Achim Dobermann, deputy director general for research at the International Rice Research Institute (IRRI; http://irri.org), and Leigh Vial, head of IRRI's experiment station, begin IRRI Agronomy Challenge II. It is the continuation of a special project in which they demonstrate how to grow a productive rice crop in a 25 x 100-meter field on IRRI's research farm.
Here, Achim makes the first fertilizer application about 1 week after transplanting.
28 December: I came back about a week after planting to apply the first dose of fertilizer. We went through the basics of that in our post last year.
We found that using the Nutrient Manager decision tool made this all very easy because answering the series of simple questions about our field and the previous and planned management practices took only about 5 minutes. Most importantly, it resulted in an "actionable" recommendation we could easily implement. So, what's going to be different this time? Actually, not that much.
In terms of IT technology, we have an exciting new version of Nutrient Manager for Rice available in the Philippines (version 2.2.), which has been re-programmed in HTML 5 language. The main advantage of that is that the software has become device-independent, i.e., it runs in the "cloud" on any hardware, including desktops, laptops, tablets, or any of the available smartphones. Soon, it will also receive further extensions in functions towards making other critical crop management decisions.
In terms of agronomy, we have to consider that this time we have planted an inbred and a hybrid variety. That has three major implications for nutrient management: (i) the hybrid should have a higher yield potential and thus also higher attainable yield than an inbred cultivar; hence it will need some more nutrients too, (ii) previous research has shown that to fully exploit the higher yield potential a hybrid is more likely to benefit from a small late N application at heading stage than an inbred, and (iii) the growth duration is different and hybrids may also have more early vigor than inbred, affecting the timing of fertilizer applications.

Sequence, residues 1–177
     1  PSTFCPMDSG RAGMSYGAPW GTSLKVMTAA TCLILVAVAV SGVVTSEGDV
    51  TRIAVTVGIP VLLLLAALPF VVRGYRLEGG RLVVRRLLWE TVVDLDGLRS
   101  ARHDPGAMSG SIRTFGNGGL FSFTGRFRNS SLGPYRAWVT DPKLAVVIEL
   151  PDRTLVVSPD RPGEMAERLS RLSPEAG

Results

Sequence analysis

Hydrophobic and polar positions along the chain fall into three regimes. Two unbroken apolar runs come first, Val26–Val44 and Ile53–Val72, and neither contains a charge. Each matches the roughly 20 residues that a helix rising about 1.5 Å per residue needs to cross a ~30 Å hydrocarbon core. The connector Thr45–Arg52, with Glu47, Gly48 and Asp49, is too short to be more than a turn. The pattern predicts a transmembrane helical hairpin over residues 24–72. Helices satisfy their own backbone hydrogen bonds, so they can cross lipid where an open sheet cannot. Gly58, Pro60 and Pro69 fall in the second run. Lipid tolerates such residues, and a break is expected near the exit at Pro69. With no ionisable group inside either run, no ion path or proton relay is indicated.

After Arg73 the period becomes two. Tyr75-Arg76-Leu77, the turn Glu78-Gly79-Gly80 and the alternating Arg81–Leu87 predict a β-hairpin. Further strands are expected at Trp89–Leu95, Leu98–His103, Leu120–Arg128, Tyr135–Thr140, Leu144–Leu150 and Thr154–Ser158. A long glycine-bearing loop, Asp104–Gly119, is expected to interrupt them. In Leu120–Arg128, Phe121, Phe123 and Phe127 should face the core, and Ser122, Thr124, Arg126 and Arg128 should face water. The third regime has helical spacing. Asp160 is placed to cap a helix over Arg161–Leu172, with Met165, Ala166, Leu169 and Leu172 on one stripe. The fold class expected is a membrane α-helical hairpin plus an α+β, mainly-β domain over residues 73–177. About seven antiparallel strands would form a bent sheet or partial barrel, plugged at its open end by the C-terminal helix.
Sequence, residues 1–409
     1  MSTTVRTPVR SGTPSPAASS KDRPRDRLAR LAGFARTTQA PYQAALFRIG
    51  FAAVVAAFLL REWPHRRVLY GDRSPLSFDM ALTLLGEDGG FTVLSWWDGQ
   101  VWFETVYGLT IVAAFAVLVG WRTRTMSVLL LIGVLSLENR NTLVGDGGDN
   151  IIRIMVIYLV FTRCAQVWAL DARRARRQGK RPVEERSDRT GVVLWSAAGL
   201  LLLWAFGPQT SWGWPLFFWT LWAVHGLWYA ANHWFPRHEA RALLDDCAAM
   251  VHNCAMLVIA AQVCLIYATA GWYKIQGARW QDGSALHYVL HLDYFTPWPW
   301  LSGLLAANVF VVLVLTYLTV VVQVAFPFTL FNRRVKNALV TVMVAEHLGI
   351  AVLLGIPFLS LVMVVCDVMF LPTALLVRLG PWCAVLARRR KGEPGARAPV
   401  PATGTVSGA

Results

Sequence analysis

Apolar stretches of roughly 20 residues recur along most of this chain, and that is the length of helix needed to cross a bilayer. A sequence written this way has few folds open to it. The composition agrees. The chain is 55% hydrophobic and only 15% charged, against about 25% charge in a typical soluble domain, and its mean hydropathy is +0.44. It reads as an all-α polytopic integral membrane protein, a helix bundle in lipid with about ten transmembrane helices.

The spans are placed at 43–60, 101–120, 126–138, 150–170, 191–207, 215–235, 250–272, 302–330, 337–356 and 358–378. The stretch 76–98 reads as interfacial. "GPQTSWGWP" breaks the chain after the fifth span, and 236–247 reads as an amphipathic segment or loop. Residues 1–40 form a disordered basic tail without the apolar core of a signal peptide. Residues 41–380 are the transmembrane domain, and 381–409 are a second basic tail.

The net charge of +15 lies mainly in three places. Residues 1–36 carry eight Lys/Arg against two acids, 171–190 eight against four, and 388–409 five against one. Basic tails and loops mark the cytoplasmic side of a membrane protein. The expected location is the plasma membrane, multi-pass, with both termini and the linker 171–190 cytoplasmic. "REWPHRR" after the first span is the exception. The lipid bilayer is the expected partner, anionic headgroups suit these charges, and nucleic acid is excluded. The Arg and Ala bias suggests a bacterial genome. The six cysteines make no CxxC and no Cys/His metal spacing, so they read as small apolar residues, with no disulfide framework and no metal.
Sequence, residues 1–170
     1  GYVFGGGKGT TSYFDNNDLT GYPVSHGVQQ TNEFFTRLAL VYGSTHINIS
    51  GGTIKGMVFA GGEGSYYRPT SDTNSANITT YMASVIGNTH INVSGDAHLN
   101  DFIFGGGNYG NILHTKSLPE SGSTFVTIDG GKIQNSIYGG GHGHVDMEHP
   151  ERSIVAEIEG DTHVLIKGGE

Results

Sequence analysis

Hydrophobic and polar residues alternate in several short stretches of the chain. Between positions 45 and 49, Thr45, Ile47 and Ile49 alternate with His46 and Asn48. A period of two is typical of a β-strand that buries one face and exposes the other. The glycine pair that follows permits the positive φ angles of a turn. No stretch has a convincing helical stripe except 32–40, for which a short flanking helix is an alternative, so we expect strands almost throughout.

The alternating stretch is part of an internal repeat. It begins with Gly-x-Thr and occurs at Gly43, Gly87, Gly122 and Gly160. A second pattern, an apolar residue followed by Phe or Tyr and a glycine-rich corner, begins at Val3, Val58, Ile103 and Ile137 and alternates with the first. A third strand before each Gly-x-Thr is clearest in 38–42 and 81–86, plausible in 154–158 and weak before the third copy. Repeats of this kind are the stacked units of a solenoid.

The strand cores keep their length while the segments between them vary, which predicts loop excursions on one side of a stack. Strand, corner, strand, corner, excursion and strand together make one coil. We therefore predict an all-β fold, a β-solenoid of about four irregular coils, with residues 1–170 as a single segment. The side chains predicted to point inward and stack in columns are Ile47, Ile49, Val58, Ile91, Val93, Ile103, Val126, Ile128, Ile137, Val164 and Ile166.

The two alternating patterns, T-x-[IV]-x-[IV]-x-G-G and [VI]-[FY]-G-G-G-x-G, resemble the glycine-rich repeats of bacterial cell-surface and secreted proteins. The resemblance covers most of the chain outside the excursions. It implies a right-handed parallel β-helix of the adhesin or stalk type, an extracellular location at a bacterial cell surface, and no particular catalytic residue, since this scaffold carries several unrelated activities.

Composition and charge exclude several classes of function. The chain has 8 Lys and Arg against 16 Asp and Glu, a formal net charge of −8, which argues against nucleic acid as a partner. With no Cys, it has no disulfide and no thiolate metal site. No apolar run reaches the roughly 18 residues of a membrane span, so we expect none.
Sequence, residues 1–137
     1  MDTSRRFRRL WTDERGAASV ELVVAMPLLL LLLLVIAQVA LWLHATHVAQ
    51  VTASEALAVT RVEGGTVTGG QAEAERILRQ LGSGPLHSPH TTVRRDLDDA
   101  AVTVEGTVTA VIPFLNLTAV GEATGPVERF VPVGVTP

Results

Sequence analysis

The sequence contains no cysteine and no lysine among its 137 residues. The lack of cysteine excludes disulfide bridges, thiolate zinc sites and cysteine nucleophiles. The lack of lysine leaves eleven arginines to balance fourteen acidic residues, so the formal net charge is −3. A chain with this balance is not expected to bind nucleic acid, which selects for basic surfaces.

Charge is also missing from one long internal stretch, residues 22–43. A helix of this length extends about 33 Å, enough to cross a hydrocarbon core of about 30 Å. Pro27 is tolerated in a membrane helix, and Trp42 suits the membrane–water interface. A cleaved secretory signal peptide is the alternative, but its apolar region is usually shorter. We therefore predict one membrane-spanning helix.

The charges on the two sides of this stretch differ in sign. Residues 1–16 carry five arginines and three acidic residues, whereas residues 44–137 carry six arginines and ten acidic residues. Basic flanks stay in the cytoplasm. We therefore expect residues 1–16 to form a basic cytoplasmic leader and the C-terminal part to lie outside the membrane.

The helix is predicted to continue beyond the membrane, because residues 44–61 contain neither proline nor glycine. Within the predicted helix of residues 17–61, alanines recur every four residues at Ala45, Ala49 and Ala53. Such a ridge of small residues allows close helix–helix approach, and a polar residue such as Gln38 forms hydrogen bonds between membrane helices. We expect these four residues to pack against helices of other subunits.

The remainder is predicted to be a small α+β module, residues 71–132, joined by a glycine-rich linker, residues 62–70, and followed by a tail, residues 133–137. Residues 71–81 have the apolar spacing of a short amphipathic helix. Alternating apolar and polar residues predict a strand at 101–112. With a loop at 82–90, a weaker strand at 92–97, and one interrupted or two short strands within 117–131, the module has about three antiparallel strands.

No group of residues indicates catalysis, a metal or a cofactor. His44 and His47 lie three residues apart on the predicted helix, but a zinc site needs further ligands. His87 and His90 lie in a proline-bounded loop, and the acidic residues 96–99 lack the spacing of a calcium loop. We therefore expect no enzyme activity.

The hybrid we have chosen, Mestiso 26 (IR82372H), is expected to mature about 1 week earlier than the inbred NSIC Rc302 (IR05A272). So, I ran the Nutrient Manager separately for each of the two cultivars, assuming a target yield of about 7 t/ha for the inbred (about 70-80% of yield potential for an average dry season climate at Los Baños) and 7.5 t/ha for the hybrid.
In practical terms, the differences in timing of applications are quite small, so we'll aim to do it all on the same days for both varieties (the late date range of the hybrid, which is close to the early date range of the inbred). In terms of product choices, we'll keep things simple an go with 14-14-14 compound fertilizer for the basal (early) application, which translates into about 4 bags/ha for the inbred and 4½ bags/ha for the hybrid.
It took me about half an hour to complete this first broadcast application, although I had to do an extra pass on the hybrid to apply a little more fertilizer that had been left over.
I realize, more and more, that spreading fertilizer by hand on the soil surface is not going to help us much with increasing fertilizer efficiency in the future. At this early stage, the seedlings are barely growing and cannot take up nutrients quickly. Moreover, the machine we used planted at 30-cm row spacing, leaving a lot of empty surface space on which the fertilizer granules fell.
I wish we had the possibility to place it close to the rows of young plants, into the soil, but we don't have such a machine yet. Adding fertilizer boxes to the mechanical planter would also add more weight to it, complicating the planting operation. I'm dreaming that someday we'll have a small- or medium-size crop care machine that can do more precise applications of fertilizers and pesticides in row-planted rice crops, perhaps even with precision guidance.
International Rice Research Institute
6 years ago